M/W - Jeremy Millars exhibition

ms1, 36 Więckowskiego St
30th May 2014 - 24 August 2014

The idea of the M/W exhibition refers to Bronisław Malinowski and Stanisław Ignacy Witkiewicz’s expedition to Ceylon and western Australia organised a hundred years ago. The expedition, although Witkacy abandoned it before its end, can be considered  one of the journeys contributing to the tradition of modernism, similarly to Paul Gaugin’s journey to Tahiti or Paul Verlaine and Arthur Rimbaud’s roaming Europe. In M/W Jeremy Millar asks the question about what could have happened had the trip lasted longer.

The actual destination of the trip was New Guiney or, more precisely, Trobriand Islands in its vicinity. It was there that Malinowski intended to conduct research project in which Witkiewicz was to be a photographer and a graphic artist. Witkiewicz’s extremely complex emotional state in the aftermath of his fiancée’s death (in February that year), differences of opinions between the two and, most importantly, the outbreak of war in Europe made Witkiewicz leave for Russia having spent almost seven weeks in Australia. He stayed there until the end of the war. It was there that his paining style matured , the foundations of his aesthetics and ontology were laid. Malinowski in turn, continued his journey to New Guiney, conducted research on the Trobriand Islands (in 1915-16 and 1917-18) that gave rise to a new branch of science – social anthropology.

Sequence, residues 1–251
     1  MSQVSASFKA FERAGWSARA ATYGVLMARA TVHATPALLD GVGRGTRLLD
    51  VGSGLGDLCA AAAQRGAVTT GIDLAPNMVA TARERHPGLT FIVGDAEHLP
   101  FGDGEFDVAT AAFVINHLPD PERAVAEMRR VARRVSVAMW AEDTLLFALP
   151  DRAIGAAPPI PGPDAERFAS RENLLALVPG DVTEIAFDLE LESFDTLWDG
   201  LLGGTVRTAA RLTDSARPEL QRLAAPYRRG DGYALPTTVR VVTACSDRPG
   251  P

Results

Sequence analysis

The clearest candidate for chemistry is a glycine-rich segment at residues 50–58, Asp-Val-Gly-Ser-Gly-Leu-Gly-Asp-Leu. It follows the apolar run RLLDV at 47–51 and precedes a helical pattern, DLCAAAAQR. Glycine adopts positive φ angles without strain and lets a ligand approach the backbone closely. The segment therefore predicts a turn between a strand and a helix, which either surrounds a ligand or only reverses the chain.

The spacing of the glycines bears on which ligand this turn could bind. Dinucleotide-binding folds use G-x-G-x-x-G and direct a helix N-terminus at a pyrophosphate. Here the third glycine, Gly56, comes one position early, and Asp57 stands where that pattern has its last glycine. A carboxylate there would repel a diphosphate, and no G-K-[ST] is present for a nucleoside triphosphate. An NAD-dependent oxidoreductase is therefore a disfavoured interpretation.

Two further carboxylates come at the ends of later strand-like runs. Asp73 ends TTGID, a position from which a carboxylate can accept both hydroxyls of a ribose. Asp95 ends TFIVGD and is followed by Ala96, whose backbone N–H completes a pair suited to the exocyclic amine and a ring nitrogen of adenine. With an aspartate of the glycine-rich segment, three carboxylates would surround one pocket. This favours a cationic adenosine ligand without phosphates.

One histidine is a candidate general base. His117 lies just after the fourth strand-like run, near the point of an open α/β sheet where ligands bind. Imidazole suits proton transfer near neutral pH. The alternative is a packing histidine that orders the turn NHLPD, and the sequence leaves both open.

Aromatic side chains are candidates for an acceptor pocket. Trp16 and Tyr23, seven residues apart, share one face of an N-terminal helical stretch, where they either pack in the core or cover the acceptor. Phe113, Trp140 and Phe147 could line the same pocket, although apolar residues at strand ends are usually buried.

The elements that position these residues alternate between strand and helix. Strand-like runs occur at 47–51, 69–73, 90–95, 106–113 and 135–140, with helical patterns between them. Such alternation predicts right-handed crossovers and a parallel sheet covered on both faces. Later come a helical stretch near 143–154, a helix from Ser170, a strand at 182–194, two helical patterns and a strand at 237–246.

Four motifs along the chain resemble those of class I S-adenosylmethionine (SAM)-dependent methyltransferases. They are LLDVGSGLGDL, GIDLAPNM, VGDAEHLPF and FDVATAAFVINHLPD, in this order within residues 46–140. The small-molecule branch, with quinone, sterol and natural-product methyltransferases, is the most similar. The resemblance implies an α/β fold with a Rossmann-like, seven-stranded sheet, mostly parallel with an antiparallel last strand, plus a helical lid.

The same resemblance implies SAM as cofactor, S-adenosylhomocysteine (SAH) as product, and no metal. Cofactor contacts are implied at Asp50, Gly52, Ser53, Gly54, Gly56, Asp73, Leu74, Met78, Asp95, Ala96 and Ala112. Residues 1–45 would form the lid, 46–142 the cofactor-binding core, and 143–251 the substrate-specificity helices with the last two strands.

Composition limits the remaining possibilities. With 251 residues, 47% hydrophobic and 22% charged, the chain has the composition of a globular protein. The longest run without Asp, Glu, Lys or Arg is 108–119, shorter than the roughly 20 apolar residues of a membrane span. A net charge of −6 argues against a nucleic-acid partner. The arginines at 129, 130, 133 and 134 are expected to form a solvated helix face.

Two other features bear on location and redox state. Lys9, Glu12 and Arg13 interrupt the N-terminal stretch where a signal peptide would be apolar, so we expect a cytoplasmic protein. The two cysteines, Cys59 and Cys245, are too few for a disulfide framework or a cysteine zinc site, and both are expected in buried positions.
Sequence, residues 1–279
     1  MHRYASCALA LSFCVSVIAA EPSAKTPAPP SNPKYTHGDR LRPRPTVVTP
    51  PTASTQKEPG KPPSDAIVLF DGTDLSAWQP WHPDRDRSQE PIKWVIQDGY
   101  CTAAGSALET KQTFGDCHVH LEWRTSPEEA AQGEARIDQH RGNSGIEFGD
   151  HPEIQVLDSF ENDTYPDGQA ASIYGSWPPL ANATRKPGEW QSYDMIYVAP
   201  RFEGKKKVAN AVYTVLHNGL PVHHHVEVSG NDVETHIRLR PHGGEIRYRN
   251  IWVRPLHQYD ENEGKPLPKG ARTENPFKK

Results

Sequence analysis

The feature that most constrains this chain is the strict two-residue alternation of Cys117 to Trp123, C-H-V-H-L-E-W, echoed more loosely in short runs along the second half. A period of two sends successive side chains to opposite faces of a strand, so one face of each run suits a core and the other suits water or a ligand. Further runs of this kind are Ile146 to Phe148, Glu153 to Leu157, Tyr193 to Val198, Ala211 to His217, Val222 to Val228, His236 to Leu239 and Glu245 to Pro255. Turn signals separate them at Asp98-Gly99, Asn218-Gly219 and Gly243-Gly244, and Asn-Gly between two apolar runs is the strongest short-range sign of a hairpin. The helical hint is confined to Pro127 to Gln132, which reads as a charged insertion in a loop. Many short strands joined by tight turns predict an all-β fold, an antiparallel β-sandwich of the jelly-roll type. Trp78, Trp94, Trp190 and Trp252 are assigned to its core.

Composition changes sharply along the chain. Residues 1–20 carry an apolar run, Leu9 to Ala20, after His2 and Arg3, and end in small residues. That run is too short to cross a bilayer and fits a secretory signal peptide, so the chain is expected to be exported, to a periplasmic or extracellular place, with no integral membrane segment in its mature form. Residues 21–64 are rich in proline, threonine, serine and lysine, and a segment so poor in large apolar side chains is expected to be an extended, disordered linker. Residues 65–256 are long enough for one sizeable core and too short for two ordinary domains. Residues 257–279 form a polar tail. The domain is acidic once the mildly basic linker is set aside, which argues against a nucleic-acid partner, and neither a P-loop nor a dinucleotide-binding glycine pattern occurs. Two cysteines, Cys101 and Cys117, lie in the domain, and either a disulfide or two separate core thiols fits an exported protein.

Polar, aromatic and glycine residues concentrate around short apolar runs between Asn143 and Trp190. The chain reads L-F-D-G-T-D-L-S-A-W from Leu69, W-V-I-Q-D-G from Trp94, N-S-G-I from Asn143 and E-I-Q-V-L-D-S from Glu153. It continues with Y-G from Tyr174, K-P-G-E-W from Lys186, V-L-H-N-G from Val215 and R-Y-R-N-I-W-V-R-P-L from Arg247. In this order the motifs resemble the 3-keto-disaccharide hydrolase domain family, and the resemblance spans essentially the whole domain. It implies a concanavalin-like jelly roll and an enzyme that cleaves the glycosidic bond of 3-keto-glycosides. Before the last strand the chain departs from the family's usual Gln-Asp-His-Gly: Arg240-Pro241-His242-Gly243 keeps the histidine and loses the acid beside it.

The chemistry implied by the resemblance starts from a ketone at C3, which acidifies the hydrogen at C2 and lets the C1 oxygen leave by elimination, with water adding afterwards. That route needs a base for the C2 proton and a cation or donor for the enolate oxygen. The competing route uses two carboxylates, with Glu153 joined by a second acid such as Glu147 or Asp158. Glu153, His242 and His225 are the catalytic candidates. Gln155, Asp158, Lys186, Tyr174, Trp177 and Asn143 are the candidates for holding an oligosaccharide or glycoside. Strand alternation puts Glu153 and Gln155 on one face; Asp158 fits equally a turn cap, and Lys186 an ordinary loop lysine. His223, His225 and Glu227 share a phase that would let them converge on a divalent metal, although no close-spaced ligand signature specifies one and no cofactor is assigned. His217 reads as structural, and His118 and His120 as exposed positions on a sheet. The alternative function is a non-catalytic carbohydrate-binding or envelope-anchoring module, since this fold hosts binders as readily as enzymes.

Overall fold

In 2009 Jeremy Millar created a series of works concerning the possible consequences of Witkiewicz’s staying in the tropics and his continued cooperation with Malinowski. The artist constructs a kind of projection of Witkiewicz’s character onto contemporary circumstances he witnessed in Papua-New Guiney. Looking for traces of Witkacy’s unrealised presence Millar assigns himself the role of an explorer providing material evidence of what kind of works Witkacy would have created if he had not interrupted his journey. In the project Millar proposes a fragmentary narration concerning the unrealised episodes from Witkiewicz’s biography and encourages the viewers to complete it. Similarly to other projects by Jeremy Millar this one also features fictitious events staged by the artist that stimulate reflections on their possible aesthetic and philosophical consequences.

The exhibition consists of three components. The first one is a series of black and white photographs titled As Witkiewicz depicting the inhabitants and sights of Kiriwina Island – a place where Malinowski conducted his research. The photographs are made in a way Witkiewicz might have taken them had he continued the expedition with Malinowski. The lighting and framing of the faces connects them to the portraits created by Witkacy before the First World War. Similarly to the  originals they combine psychological dimension of a portrait with an element of masquerade.  In the series Millar asks about the anthropological aspect of the photographs Witkiewicz never took; he provokes the reflection about how different they would have been to the ones taken by Malinowski, and asks if they might have changed the way in which Melanesian culture is understood.